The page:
Antimicrobial Peptide Mimicking Primary Amine and Guanidine Containing Methacrylamide Copolymers Prepared by Raft Polymerization

Abstract: Naturally occurring antimicrobial peptides (AMPs) display the ability to eliminate a wide variety of bacteria, without toxicity to the host eukaryotic cells. Synthetic polymers containing moieties mimicking lysine and arginine components found in AMPs have been reported to show effectiveness against specific bacteria, with the mechanism of activity purported to depend on the nature of the amino acid mimic. In an attempt to incorporate the antimicrobial activity of both amino acids into a single water-soluble copolymer, a series of copolymers containing lysine mimicking aminopropyl methacrylamide (APMA) and arginine mimicking guanadinopropyl methacrylamide (GPMA) were prepared via aqueous RAFT polymerization. Copolymers were prepared with varying ratios of the comonomers, with degree of polymerization of 35-40 and narrow molecular weight distribution to simulate naturally occurring AMPs. Antimicrobial activity was determined against Gram-negative and Gram-positive bacteria under conditions with varying salt concentration. Toxicity to mammalian cells was assessed by hemolysis of red blood cells and MTT assays of MCF-7 cells. Antimicrobial activity against all bacteria tested was observed for APMA homopolymer and copolymers with high concentrations of APMA, with low toxicity toward mammalian cells.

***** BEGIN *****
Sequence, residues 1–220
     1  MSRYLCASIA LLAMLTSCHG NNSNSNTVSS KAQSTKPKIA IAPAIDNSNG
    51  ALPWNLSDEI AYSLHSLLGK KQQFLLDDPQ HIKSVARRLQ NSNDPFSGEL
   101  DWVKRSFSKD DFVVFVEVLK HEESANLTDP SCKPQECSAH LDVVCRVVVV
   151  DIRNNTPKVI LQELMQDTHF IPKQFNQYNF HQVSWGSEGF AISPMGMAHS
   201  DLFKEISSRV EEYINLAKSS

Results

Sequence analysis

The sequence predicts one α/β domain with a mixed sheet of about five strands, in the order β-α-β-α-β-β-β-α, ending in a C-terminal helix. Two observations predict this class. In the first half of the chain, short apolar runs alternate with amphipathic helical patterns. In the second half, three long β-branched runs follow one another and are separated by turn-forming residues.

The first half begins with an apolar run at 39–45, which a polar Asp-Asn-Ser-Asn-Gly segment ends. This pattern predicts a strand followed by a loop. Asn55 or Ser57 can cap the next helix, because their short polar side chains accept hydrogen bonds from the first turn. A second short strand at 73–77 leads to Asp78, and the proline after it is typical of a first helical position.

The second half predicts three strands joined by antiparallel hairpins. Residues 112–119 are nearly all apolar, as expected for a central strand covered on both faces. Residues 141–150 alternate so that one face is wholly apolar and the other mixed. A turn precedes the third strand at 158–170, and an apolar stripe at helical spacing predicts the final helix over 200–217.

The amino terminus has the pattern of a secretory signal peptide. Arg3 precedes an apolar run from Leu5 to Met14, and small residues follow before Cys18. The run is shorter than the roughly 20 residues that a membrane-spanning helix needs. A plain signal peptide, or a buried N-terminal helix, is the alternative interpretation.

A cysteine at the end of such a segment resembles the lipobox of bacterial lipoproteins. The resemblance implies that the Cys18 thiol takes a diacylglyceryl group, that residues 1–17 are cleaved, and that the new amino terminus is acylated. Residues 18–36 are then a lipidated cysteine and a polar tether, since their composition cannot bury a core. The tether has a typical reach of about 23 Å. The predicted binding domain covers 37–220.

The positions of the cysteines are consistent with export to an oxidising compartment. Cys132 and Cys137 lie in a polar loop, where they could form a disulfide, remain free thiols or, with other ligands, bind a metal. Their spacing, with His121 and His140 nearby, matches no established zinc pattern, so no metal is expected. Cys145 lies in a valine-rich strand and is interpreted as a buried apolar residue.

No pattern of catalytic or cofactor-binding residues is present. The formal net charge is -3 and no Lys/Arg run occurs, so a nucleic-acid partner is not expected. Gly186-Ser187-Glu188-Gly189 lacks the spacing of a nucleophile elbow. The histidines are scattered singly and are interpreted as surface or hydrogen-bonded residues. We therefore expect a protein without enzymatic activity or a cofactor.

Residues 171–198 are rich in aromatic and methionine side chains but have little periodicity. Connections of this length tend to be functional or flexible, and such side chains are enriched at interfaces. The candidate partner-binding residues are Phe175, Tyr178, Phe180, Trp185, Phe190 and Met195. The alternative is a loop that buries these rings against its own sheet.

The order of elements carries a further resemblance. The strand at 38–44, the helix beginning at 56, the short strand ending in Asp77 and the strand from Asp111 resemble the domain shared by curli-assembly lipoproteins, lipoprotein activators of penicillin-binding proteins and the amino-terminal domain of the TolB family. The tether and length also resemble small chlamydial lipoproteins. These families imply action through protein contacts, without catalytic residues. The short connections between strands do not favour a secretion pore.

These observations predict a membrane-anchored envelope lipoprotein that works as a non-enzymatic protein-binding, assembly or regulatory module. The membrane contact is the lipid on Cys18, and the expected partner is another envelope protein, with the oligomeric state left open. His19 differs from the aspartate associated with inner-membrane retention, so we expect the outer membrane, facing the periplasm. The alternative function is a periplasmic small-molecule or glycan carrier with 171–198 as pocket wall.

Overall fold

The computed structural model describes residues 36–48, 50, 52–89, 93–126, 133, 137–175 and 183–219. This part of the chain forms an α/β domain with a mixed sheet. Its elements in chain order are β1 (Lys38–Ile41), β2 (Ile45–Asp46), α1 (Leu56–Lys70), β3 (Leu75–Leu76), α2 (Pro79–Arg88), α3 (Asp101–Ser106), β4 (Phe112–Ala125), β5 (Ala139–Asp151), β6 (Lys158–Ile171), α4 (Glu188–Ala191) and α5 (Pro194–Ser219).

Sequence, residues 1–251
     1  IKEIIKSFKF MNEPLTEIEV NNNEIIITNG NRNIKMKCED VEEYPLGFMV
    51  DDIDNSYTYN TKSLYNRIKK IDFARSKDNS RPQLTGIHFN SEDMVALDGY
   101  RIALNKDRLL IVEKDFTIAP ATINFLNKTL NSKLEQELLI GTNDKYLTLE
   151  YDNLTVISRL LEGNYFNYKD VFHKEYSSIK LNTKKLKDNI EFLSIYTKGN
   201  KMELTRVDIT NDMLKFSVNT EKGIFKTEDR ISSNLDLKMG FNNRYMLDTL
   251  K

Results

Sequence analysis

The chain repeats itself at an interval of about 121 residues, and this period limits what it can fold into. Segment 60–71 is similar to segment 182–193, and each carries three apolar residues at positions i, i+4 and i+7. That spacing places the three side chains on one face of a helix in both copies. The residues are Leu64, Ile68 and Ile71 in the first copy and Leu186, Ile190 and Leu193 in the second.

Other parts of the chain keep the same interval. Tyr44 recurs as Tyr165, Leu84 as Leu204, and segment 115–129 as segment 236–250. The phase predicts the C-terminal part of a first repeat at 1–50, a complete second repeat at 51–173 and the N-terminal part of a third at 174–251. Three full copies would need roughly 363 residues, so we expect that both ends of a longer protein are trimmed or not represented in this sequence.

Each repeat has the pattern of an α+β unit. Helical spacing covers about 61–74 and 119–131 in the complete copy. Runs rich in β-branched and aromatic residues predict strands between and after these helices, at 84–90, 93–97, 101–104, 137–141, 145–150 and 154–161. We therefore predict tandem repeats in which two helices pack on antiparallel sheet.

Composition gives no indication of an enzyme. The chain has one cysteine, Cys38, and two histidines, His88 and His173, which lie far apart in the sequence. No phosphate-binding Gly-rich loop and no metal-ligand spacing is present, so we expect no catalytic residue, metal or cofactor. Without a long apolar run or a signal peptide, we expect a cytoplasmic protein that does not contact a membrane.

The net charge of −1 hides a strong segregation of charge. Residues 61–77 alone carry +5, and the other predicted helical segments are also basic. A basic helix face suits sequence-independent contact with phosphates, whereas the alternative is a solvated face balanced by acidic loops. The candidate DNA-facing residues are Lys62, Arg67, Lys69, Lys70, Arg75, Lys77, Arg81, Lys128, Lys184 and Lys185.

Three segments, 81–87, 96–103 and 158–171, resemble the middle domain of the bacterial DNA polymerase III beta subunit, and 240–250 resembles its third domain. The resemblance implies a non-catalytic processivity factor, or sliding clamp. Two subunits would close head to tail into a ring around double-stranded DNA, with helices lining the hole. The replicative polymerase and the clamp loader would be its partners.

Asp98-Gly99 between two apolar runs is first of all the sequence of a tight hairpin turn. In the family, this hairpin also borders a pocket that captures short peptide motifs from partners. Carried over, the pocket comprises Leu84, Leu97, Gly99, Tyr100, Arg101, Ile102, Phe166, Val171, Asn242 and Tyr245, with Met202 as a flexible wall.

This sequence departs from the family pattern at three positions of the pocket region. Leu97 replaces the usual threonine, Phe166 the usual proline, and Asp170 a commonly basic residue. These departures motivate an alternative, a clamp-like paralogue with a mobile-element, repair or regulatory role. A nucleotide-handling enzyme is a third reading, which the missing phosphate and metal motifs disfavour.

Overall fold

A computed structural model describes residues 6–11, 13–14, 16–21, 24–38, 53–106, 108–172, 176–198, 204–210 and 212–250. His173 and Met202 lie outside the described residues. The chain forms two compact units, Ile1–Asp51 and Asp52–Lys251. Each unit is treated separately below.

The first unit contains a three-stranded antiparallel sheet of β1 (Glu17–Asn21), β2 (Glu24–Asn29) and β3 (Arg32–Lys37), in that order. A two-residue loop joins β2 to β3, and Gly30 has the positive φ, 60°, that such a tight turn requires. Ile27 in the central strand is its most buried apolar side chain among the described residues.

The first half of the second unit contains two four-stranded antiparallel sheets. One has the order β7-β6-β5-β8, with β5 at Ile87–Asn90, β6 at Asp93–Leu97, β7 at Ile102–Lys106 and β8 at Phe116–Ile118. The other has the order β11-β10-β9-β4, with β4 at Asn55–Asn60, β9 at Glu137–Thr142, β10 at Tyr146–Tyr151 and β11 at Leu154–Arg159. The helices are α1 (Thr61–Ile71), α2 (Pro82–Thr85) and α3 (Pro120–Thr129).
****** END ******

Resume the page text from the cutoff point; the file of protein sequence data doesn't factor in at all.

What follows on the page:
Biomacromolecules, 2015, 16 (12), pp 3845–3852 DOI: 10.1021/acs.biomac.5b01162